The second thing....You did the right thing by telling her that you "won't go all the way in" with the needle. You can use any length needle, just don't insert it the whole way. I would never ever use a tb syringe for an IM. You don't want the rocephin to be in their subcut tissue.
I gave a hep b last week to a 2 week old, and we used a 1/2 inch needle. I think that if you don't give IM's on a regular basis, it can be a little scary. The problem is trying to get yourself through a moment that makes you question yourself and your practice. The problem is not always your own judgement, but the family member that makes you freak out at the last minute. I would much rather have my child have an IM than an IV, OR a heelstick. So if the thought of you sticking a needle in her childs leg freaked her out, then the heel stick should have been worse- the size of the lancet is HUGE!
Don't be so hard on yourself. Things happen. But in this case, if I was your manager, I would make sure that you knew you did nothing wrong, except doubt yourself. Lidocaine is meant to make it less painful, but, you are a nurse and unfortunately we cause a lot of pain for the better of health.
Keep your head up!!!
Been a Pediatric nurse for a loooooooooong time. Rocephin should be mixed with lidocaine to help with pain but it can be mixed with sterile water, so no med mistake. Have to use a larger gauge d/t the thickness when you mix it and try to administer it. Even if you went too deep you can still pull back some and then administer med. We peds nurses seem to travel in packs... ask someone to go with you for procedures. If you don't need help with holding the child, they can help distract the parent. I sometimes ask parents if they would like to step out during painful procedures. Maybe some anger control or counseling to help you handle stressful situations? Most places have EAP in place, ask HR.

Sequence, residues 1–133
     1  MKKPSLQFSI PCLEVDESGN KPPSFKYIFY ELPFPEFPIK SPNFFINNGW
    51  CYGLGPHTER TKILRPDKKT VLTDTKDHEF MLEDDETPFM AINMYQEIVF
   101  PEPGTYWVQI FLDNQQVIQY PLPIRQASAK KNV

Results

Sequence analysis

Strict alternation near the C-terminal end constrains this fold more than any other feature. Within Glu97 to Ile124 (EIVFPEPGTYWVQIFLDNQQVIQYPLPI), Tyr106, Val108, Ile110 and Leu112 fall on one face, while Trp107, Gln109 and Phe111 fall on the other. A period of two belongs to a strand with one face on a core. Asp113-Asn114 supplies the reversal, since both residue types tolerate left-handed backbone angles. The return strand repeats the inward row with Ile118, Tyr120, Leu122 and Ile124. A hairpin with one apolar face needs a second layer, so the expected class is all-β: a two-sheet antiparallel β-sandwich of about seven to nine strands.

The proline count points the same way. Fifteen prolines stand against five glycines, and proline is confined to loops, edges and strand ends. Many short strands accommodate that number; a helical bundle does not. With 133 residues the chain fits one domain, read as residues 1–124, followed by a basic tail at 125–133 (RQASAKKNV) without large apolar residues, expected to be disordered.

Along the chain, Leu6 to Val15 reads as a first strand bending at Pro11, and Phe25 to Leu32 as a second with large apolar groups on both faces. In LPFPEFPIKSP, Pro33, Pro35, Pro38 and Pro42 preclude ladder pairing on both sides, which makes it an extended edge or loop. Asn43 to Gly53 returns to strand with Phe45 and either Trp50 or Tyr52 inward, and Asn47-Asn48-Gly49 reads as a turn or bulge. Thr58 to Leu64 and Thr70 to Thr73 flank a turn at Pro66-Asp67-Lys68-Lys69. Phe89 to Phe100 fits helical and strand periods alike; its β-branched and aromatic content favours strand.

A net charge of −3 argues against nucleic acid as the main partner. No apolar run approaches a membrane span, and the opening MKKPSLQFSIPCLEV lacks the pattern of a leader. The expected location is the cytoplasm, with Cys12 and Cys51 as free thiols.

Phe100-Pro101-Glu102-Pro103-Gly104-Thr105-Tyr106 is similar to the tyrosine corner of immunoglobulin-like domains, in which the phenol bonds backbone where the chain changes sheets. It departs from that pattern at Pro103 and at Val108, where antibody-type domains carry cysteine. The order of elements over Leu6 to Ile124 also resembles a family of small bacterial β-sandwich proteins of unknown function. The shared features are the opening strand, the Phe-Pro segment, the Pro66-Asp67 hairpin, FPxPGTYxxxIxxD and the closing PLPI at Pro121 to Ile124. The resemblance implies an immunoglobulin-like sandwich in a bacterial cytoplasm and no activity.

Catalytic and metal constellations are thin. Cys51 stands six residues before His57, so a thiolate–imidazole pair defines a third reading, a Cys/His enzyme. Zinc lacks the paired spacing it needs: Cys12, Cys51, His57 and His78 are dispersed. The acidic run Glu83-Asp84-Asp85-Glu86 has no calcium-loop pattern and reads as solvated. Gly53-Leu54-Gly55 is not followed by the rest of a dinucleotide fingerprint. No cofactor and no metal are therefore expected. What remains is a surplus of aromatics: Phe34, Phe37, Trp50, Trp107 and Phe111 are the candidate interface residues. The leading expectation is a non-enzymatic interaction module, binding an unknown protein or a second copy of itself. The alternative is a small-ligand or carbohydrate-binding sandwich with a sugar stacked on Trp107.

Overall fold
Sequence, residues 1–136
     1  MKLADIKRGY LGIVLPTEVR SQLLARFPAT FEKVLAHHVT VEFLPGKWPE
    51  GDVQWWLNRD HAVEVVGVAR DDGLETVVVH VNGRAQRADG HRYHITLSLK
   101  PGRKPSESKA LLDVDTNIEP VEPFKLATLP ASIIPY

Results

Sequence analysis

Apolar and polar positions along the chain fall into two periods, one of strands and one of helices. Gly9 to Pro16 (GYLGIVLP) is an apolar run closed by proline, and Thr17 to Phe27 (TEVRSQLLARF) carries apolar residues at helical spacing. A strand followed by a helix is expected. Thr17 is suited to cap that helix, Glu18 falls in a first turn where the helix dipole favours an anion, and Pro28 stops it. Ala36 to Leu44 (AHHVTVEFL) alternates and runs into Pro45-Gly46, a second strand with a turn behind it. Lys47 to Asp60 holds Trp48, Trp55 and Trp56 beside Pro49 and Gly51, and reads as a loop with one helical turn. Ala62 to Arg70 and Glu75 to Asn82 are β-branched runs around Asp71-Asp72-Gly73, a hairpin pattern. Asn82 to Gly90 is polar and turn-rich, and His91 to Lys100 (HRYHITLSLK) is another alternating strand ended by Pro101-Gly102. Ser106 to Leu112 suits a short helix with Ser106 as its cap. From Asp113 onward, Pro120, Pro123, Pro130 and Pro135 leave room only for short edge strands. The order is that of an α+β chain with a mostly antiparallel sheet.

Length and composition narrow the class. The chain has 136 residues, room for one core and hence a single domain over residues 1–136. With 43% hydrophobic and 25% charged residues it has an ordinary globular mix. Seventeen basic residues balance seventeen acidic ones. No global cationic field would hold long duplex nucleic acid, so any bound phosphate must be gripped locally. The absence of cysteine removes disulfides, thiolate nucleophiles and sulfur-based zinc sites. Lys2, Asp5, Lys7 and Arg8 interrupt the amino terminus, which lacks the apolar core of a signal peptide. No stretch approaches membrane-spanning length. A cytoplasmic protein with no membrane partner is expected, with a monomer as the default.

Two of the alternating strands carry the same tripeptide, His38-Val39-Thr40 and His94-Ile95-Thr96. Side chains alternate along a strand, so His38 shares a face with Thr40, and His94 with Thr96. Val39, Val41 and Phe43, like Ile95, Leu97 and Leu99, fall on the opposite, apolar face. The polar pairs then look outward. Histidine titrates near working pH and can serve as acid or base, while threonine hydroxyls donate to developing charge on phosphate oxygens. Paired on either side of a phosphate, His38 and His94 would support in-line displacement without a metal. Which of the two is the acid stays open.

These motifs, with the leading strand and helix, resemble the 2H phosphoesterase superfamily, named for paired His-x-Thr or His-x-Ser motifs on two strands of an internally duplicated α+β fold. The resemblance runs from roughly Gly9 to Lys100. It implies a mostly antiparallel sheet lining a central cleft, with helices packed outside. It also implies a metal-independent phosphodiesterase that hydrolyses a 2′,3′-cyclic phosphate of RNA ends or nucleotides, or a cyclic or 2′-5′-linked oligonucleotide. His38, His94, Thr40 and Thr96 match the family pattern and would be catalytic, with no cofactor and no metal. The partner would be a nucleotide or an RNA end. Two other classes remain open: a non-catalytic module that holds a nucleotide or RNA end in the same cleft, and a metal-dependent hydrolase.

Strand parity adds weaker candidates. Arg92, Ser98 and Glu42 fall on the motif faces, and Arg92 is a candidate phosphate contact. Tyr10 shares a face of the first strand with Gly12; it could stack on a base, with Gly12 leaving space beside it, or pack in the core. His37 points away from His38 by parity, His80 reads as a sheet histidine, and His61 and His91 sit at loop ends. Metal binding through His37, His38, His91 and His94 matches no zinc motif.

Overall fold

I agree with everything. I should have read this post before typing my novel of a response! :) Then I could have just typed "Agreed!!" :)
caroladybelle, BSN, RN
The big issue was freaking out at the end. That and maybe trying to hard to not hurt the little one.
First, the MD should have ordered the drug mixed with lidocaine. Rocephin shots hurt like heck, even with lidocaine (had a few myself) - but some people are allergic/sensitive to lidocaine. The pharmacy usually calls you to "clarify" the order, especially for a peds pt. Or there is a standing policy.
Second, Rocephin (like some drugs such as IV ativan) is thick - trying to push it through a narrow guage needle will be very difficult and takes extra time. While you think that you are doing the pt a favor by using the narrower needle, you really aren't as it will take longer to inject. And with enough pressure, may pop just as it did.
One of the hardest things to do is not to let the pt/parent see you stress or sweat. Things happen, despite our best intent. But we have to fix it, repair, redo without 'losing it". Everything that you did, I have seen experienced nurse do. The art is in the recovery.
By using the site, you agree with our Policies. X